The Effect of Vestibular Stimulation on Motor Functions of Children With Cerebral Palsy

in Motor Control
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  • 1 Saint Lucia Foundation
  • 2 MSA ENT Academy Center
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Cerebral palsy (CP) has been defined as a nonprogressive disease of movement and posture development. Physical therapy techniques use different forms of sensory stimulation to improve neuromotor development.


The aim of this study was to assess the efficacy of a vestibular stimulation training in improving motor functions in cerebral palsy.


Fourteen children with CP were randomly separated into two different groups in a cross-over trial.


Over a period of 10 weeks, each group performed 10 sessions of 50 min of neurodevelopmental treatment (NDT) and 10 sessions of vestibular training (VR). Children were evaluated with the Gross Motor Function Measurement-88 scale, the Goal Attainment Scale and the root mean square of head accelerations.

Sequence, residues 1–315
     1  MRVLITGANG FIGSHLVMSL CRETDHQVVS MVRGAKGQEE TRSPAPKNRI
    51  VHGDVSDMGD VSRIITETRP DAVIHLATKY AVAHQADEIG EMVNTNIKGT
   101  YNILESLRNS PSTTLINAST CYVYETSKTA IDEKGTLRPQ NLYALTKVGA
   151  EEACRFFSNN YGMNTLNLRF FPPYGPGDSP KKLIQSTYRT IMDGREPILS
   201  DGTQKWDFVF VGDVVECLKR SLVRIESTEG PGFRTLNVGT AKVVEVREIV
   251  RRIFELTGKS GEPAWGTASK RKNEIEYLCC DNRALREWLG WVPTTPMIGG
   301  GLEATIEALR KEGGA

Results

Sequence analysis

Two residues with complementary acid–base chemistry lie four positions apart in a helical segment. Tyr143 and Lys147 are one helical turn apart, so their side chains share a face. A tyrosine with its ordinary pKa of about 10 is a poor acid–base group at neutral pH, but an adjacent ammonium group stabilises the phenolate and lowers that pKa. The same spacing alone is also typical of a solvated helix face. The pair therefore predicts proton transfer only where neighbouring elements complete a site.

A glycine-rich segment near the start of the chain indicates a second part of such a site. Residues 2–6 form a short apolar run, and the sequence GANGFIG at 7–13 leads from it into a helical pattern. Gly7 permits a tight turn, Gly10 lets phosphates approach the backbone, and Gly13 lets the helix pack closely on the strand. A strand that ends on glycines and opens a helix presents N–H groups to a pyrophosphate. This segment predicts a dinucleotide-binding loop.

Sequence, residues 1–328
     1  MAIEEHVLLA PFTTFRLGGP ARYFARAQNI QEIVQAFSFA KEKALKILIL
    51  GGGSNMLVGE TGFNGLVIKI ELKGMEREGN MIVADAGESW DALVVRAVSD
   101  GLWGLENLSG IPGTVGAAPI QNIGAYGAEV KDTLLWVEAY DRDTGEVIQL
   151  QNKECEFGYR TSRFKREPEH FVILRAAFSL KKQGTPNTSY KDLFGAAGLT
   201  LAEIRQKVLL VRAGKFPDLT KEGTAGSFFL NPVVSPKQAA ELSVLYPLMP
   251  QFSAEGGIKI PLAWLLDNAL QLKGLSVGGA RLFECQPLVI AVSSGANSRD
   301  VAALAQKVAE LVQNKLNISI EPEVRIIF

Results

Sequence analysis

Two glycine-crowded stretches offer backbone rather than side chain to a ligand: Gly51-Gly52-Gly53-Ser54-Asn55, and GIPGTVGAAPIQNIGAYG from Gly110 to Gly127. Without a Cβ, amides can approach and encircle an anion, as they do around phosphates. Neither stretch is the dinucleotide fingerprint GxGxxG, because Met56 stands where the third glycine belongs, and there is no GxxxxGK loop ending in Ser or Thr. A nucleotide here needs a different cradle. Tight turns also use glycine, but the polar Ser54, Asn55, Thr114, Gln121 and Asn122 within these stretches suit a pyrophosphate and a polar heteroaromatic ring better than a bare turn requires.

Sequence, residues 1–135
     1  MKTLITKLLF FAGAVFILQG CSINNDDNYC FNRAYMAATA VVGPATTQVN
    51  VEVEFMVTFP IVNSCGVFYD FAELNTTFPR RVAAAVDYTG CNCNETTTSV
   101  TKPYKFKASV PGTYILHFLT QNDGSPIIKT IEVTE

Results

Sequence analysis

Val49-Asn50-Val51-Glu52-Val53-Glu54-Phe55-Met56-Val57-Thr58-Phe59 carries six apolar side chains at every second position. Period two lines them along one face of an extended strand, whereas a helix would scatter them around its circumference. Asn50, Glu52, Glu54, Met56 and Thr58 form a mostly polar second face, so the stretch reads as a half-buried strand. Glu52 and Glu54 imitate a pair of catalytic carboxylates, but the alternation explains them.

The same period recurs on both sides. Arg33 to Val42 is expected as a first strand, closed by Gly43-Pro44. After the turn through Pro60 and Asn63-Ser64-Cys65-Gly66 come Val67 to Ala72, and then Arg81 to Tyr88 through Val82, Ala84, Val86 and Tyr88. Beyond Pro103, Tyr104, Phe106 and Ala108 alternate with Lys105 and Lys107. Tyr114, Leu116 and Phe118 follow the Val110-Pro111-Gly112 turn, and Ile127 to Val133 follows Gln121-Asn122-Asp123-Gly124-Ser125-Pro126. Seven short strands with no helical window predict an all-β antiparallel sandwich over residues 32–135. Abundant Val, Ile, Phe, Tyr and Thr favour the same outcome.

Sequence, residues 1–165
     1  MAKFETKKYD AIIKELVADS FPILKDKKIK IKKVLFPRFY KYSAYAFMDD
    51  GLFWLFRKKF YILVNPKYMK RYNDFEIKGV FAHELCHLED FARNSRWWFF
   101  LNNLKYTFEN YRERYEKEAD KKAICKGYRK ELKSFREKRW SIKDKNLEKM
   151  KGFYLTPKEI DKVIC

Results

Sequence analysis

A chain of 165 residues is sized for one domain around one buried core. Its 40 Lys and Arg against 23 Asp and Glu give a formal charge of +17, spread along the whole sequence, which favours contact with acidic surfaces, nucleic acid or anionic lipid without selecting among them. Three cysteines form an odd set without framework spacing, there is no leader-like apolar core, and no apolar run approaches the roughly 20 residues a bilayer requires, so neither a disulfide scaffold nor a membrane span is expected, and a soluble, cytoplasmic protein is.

A significant improvement in the GAS-score (p = .003) was noted after NDT+VR.


Vestibular stimulation integrated with NDT proved to be an effective complementary strategy for facilitating motor functioning.

Tramontano, Medici, Iosa, Chiariotti, Fusillo, and Morelli are with the I.R.C.C.S. Saint Lucia Foundation Via Ardeatina, Rome, Italy. Manzari is with the MSA ENT Academy Center, Cassino (FR), Italy.

Address author correspondence to Leonardo Manzari at